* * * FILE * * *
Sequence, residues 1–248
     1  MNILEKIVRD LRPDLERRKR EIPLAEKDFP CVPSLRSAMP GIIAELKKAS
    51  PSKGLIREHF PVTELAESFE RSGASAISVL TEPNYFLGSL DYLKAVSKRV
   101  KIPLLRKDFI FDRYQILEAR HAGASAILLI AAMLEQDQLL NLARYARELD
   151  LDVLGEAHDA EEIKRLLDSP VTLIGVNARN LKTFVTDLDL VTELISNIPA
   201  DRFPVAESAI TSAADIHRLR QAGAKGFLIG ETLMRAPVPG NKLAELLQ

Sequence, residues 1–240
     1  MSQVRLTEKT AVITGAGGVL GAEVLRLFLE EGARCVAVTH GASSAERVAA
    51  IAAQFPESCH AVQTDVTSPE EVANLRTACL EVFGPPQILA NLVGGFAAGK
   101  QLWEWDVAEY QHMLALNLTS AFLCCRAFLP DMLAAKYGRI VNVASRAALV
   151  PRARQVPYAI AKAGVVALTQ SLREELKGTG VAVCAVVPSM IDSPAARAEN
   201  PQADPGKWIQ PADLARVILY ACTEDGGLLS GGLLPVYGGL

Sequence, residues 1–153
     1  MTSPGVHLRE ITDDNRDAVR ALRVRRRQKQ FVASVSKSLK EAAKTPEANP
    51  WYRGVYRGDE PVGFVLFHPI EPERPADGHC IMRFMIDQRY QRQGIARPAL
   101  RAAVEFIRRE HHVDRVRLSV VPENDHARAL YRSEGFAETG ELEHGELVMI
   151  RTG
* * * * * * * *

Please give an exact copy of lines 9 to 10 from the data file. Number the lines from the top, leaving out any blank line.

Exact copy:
    51  IAAQFPESCH AVQTDVTSPE EVANLRTACL EVFGPPQILA NLVGGFAAGK
   101  QLWEWDVAEY QHMLALNLTS AFLCCRAFLP DMLAAKYGRI VNVASRAALV